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The Patriot

  freeeedom!
Mel Gibson stabs blasted redcoats with his pointy flag.

2000, Columbia Pictures
All Rights Reserved

How do you make an epic masterpiece about the American Revolution? You pick two Australians to star in the lead roles, glorify the Americans, bastardize the English, humor the French and throw in a good load of emotional turmoil mixed with plenty of blood and gore. Then you charge into theaters right around the 4th of July.

"The Patriot" (IMDb listing) tells the story of farmer Benjamin Martin (Mel Gibson), an accomplished soldier in the French and Indian wars and now a widower with seven children. He refuses to fight in this war against the English, haunted by his previous experiences with armed conflict and convinced that his responsibilities now lie with his family. Accused by his oldest son Gabriel (Heath Ledger) of hiding behind his children, he watches helplessly as Gabriel decides to pursue his own, idealistic goals and enlists to join the good fight. Two years later, the war catches up to the Martins, literally advancing into their front yard, and when Benjamin is unable to protect his family from the wrath of the English, he abandons his convictions and joins the militia, leading them down a bloody path of revenge towards freedom.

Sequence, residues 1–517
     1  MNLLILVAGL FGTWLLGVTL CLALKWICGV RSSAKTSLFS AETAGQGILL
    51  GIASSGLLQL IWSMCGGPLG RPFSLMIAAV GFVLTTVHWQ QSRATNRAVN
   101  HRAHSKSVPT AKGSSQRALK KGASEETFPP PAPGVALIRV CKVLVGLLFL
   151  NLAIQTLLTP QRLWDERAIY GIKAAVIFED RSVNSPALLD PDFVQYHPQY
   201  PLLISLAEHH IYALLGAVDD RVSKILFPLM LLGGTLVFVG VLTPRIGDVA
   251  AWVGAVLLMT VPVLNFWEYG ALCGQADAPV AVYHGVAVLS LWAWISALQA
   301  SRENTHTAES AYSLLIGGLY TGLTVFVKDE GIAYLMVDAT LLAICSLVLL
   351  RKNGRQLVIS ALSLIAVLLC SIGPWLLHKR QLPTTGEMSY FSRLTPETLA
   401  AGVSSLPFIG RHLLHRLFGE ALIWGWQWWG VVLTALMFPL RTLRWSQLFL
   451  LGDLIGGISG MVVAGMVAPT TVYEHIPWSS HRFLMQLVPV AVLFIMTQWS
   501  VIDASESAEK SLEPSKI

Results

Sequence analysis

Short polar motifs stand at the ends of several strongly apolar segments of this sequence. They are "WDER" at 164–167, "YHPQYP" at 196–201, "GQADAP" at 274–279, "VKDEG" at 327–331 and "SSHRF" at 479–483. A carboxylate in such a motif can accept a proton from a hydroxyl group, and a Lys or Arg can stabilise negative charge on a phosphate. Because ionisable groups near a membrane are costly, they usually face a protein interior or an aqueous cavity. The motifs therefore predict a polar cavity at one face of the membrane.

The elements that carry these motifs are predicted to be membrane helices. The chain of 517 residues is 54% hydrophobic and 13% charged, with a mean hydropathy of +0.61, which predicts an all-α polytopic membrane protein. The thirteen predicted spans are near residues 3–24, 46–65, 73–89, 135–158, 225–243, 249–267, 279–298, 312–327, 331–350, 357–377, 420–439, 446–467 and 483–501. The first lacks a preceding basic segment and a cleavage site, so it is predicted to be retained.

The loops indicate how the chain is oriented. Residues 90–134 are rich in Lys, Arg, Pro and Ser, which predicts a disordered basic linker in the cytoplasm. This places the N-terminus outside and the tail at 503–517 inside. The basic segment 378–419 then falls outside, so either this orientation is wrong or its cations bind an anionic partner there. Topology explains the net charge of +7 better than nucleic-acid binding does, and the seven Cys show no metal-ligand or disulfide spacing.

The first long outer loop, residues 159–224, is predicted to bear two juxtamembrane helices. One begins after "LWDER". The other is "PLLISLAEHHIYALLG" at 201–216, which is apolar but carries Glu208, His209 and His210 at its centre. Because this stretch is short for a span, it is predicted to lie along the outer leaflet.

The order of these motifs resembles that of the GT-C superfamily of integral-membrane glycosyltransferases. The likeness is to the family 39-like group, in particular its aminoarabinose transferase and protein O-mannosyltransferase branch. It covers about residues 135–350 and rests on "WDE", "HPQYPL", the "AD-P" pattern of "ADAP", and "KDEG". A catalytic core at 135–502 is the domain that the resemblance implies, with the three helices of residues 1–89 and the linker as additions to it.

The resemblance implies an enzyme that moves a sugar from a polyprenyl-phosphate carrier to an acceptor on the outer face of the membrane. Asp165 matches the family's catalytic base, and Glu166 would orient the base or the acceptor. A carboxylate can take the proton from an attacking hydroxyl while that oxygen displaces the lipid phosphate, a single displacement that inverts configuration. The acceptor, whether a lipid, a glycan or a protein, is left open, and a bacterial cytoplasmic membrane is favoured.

The "Patriot" is marked by a number of impressive performances. Gibson portrays his character with the accomplished mix of anguish, humor, sharp wit, fierce determination and physical agility that has catapulted him to superstardom. But while the old formula still works nicely, it becomes quite obvious that a new generation, in this case Australian newcomer Ledger, is getting ready to take over. Ledger, so far best known for his role in last years Shakespeare remake "10 Things I Hate About You," delivers a convincing performance as Gibson's oldest son whose idealistic euphoria is shattered by the realities of war. Another notable performance is Jason Isaacs' portrayal of Col. William Tavington, a notorious and cruel Englishman who proves to be his superior's worst nightmare and Martin's fiercest enemy.

Shot on location in South Carolina, the movie's cinematography perfectly captures the atmosphere of the 18th century, mastering the simplicity of every day life as well as the complex battle scenes, the recreation of which proved quite a challenge. With blood and gore galore, the most difficult part was the creation of both the American and English armies, which were superimposed by a computer program developed especially for this occasion. The results are so convincing, it's impossible to tell who is real and who is not.

"The Patriot" is a mesmerizing movie experience, a period masterpiece and a heartwrenching account of the price paid by so many for the freedom of their country. And if that doesn't do it for you, at least you get to humor the French.

Filmfodder Grade: A








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